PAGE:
My partner is lazy. How can I make the workload in our relationship fair?

It’s not uncommon for one partner to feel as though they do more within the relationship than their lazy partner. This may be in relation to the household duties, income earned, perhaps its regarding the parenting or it could even be the effort put into maintaining and deepening the relationship. There are a few reasons why you might find your partner to be lazy, and it depends on what the reason is as to what you’re going to do about it. Here are some common causes:

-      Have they always been lazy or is this a new thing? Is this perhaps a personality trait you used to see as ‘chilled out’ or ‘relaxed’ and now you just find it frustrating? If that’s the case it may be time to decide whether you can find a way to accept it or move on. If your partner’s lack of ‘get up and go’ is beginning to drive you mad, maybe your values aren’t as aligned as you once thought they were. Will this trait be able to support your personal and relationship goals?

-      Maybe they’re feeling directionless and need a change to re-inspire them. If this is the case, you’ll probably feel as though the ‘laziness’ is a new thing, that they didn’t used to be like this and have changed. If so, maybe you could find a way to encourage them to pursue their dreams. Even if this means you have to make some sacrifices (either financially, emotionally or time-wise), perhaps this demonstration of love and support is exactly what they need to re-energise them. 

-      Are they unwell? Get them to see a doctor. Their immune system may be fighting an illness and draining their energy. Do what you have to in order to get them back on their feet.

-      Perhaps they’re feeling depressed, unloved or unsupported. If so, take some drastic action to make them feel as though they’re your number one and you couldn’t live without them. Satisfy their needs so they can get their mojo back.

-      Are they mirroring you? Is there a chance that they perceive you to be lazy, possibly in a different area to the area you think they’re lazy in. Be honest with yourself and if you think there’s an area where you might be perceived to be slacking off, pull your head in!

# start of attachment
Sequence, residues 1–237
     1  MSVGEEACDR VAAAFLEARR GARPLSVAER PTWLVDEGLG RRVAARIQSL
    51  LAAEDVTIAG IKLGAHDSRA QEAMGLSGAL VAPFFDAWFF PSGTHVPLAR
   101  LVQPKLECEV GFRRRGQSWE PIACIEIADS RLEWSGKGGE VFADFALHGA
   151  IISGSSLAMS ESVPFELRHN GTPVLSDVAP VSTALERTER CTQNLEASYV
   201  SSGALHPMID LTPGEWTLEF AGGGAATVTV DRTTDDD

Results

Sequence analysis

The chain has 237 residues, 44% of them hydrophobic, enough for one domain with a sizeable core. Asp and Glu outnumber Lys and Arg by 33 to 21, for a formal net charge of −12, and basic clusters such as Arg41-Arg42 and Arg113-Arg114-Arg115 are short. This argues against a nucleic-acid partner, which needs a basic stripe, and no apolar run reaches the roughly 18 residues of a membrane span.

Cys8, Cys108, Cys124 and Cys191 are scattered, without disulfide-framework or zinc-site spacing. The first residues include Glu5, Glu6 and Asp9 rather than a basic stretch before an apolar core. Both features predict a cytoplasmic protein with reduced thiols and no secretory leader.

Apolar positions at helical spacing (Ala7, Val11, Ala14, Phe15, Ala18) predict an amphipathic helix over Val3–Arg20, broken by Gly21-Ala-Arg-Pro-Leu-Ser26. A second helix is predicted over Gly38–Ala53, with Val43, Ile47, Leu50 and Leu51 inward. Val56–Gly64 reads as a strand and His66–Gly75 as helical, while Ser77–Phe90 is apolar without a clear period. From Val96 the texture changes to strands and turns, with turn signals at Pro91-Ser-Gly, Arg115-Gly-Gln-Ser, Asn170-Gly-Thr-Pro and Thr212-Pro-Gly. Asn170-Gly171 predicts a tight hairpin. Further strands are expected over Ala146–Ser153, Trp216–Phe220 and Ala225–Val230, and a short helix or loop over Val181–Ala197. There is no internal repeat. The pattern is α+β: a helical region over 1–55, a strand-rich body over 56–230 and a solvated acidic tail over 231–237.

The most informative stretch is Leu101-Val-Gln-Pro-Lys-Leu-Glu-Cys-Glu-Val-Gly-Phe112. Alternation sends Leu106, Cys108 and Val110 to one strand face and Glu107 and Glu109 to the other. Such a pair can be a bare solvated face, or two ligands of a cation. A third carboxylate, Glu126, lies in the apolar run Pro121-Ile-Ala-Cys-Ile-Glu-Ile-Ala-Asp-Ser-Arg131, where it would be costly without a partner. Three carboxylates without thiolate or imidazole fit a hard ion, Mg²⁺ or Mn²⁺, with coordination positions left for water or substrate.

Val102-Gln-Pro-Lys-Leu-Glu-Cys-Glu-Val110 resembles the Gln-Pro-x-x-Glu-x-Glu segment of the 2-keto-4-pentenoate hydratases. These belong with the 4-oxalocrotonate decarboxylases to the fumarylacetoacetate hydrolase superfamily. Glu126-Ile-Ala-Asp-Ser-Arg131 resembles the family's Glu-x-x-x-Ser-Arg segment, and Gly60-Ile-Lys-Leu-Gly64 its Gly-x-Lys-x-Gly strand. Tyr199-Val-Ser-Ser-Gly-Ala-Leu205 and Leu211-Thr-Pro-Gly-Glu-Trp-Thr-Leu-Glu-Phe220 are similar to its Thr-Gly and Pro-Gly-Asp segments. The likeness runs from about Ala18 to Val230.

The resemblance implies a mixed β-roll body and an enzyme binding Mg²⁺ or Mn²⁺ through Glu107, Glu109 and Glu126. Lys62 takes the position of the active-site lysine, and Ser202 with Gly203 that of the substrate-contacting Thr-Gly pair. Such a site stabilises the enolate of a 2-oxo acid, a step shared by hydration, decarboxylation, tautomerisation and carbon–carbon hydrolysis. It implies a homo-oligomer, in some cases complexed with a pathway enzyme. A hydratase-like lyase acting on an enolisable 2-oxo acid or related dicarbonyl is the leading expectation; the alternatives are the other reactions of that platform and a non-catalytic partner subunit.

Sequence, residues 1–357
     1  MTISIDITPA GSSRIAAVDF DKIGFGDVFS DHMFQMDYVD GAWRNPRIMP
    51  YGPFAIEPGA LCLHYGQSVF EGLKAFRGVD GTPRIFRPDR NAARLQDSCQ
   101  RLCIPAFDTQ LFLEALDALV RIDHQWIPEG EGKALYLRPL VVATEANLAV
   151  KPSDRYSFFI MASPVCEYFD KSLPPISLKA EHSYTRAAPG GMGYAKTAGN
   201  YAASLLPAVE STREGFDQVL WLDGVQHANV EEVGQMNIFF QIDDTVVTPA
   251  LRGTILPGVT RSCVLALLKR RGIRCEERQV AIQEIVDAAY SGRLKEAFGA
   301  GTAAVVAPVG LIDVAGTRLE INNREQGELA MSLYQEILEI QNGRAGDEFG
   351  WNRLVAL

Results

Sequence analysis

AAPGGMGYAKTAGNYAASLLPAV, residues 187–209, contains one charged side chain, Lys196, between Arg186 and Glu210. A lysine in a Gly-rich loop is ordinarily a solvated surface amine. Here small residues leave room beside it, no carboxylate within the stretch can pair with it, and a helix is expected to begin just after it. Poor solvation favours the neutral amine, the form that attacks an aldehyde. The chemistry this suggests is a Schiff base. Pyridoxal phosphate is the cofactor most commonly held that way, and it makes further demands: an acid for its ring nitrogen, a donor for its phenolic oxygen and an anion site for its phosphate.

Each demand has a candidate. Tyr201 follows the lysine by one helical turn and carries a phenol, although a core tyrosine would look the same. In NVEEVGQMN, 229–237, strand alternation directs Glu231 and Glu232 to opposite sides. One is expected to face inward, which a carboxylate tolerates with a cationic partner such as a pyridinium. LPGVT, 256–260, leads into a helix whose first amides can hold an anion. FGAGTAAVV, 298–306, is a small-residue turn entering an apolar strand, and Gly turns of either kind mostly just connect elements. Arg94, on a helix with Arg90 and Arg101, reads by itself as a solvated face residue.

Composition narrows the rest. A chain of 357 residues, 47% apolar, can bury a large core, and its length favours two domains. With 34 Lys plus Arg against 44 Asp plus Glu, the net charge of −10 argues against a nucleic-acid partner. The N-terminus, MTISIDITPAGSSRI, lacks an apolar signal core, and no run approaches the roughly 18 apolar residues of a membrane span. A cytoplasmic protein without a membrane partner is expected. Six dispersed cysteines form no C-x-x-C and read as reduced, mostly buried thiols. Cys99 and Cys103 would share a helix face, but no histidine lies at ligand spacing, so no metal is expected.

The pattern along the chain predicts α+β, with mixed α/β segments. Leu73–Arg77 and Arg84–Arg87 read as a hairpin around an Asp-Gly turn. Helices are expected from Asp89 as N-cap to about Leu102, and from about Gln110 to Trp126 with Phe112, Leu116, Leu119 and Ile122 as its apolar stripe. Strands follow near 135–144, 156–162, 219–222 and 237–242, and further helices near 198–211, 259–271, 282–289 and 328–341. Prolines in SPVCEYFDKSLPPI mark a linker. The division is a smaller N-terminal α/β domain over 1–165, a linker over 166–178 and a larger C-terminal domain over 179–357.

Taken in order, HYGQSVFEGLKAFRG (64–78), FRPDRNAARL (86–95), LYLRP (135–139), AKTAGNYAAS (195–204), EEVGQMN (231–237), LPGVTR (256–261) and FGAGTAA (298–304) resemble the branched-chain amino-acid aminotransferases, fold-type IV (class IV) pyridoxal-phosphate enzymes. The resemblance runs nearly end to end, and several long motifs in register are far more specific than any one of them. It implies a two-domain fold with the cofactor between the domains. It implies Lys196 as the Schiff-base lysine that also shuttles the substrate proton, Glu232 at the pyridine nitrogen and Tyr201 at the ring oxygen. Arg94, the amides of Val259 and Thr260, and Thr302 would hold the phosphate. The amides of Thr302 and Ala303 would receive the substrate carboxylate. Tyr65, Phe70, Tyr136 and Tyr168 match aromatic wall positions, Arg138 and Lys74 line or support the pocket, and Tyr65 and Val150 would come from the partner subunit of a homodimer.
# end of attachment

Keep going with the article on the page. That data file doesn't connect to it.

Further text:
-      Are their values different to yours? Maybe they don’t perceive their lack of enthusiasm in certain areas to be an issue. They may feel they have limited time and energy and choose to spend it on other areas that to them are more important. In this case you will need to speak to them and express how you feel and come up with a resolution either a) the task(s) in question gets left undone, b) you do it yourself or c) you find a way to communicate to them how important it is to you that they do it for you.

Another option that’s always open to you is to talk to them about it. Express how you feel about their habits, where they think the laziness is coming from, how it affects your day to day life and what you can do to help them overcome their laziness – if they want to of course. 


In order to address this concern, many people tend to keep score – “I did this, this and this and you only did that!” If you want your relationship to be fairer, you have to stop keeping score. Relationships, after all, are about giving. What if you saw things differently? What if you saw them in relation to what you’re able to give to the relationship? Perhaps you’d like to write down what you feel you bring to the relationship, and the things your partner brings. You may find that although you’re doing a greater number of things, their things are invaluable to the relationship. And what if your partner were to take on some of your tasks? Would they do them as well as you? 

If you’ve eliminated all reasons as to why they’re being lazy and just need a change to happen and find that you’re still overwhelmed by what you perceive you have to do, tell them! But don’t blame them. After all, you’ve been doing it up to this point, they probably assume you’re okay with it. So, say something like this “I know I’ve been doing (insert task) for a while now, and it’s really important that it keeps getting done, but I’m really struggling with the load at the moment and was wondering if there was a way you might be able to help me with it?” If you make it about you, and not about them, they’re much more likely to be understanding and happy to help.


Things to give thought to this week:

·     What are the specific areas in which you find your partner to be lazy or not pulling their weight? You won’t be able to address the issue without having defined it.

·     Give some thought as to the reason behind such behaviour. Is it internal or external?

·     Make an action plan as to how you’re going to address it. Will you make some behavioural changes of your own or will you discuss it with your partner?